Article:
Imagining India is an ambitious book. It aims to take an inventory of India’s successes and failures, and set the agenda for its future direction. While the book is interesting and worth reading, I am afraid it falls well short of its ambition.
Nilekani has divided the “ideas” in the book into four sections – The first section is for ideas that have already “arrived”. The second comprises those that are “arriving”. The third involves areas where pitched battles are being fought in the war of ideas, and the in the fourth section, Nilekani tries to give notice of ideas that are far away, but are fast approaching.
I am currently reading “Imagining India” by Nandan Nilekani. I got a free copy from Webchutney, the PR firm for the book, on the condition that I review it and write about it. ( I checked with them. A negative review is also allowed.) I haven’t finished reading it, so this isn’t a review yet. But my initial impression is that it is quite well-written, which is a relief as I wouldn’t want to trudge through 500 pages of badly written prose. As for the content, well, quite honestly I am not sure what to expect. Nilekani is obviously quite smart ( he is from IIT Bombay, he must be.) Smart people have clever ideas. But solutions for India’s problems have been obvious for over 50 years now, and they haven’t been implemented. It is rather unlikely that Nilekani has anything radically new, and I don’t think that he is claiming to have any.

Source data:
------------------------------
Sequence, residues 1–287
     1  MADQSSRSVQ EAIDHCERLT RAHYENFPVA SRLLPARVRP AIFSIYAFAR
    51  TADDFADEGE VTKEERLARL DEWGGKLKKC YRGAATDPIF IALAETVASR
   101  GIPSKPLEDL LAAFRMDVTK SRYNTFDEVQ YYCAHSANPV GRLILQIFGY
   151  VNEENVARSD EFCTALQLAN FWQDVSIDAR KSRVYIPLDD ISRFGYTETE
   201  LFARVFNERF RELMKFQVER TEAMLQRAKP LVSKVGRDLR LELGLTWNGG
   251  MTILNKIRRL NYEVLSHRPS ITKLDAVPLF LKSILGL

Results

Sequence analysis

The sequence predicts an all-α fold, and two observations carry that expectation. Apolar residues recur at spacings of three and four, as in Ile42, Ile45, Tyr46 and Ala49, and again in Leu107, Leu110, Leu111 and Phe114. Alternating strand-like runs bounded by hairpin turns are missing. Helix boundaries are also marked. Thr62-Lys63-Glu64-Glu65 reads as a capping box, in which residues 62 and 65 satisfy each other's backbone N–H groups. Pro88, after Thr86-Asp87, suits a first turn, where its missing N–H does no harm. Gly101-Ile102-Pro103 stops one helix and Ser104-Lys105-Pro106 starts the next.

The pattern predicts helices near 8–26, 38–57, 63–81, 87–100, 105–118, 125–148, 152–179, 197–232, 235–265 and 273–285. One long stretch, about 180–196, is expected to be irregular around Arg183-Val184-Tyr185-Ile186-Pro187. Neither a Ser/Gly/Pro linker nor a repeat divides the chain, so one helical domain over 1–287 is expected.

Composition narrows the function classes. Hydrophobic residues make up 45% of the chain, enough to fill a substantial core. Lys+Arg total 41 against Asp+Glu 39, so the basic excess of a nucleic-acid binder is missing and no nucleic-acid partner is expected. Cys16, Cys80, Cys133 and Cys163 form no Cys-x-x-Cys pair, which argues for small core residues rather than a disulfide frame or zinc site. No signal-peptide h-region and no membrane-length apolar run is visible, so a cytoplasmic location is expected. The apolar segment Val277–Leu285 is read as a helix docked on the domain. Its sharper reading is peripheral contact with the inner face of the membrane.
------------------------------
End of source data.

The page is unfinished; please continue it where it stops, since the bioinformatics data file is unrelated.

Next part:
Perhaps what is required is for someone to communicate those ideas clearly and forcefully? There is always a need for someone to communicate ideas and the more the better. From what I have heard, Nilekani is a great communicator, but his comparative advantage is in execution – after all, he founded Infosys and turned it into one of India’s most successful companies. With this record, it is natural for him to expect to be able to do more. But to be able to bring about actual change, it requires skills of a completely different kind, skills that he lumps under “Politics” in the preface. So his attempts to use his skills to actually execute change ends up in task forces with minimal impact.
As I understand, the book is born out of this gap between what he has been able to achieve and what he thinks ought to be done. The answer to the question of how to close this gap is one that will require fresh ideas.
Jai Choorakkot wants to know whether my attack on Dilip D’Souza amounts to a defence of reforms. That is a fair question to ask. One of my pet peeves is that people believe that a successful counter-attack amounts to a defence of their own position. I’ve myself come down quite sharply on people whose defence of Mao amounted to saying that I am a hypocrite because I supposedly support Kissinger (or Pinochet – it was not clear who) So let’s accept that my attack on Dilip was an attack on Dilip, and move on to the question of reforms.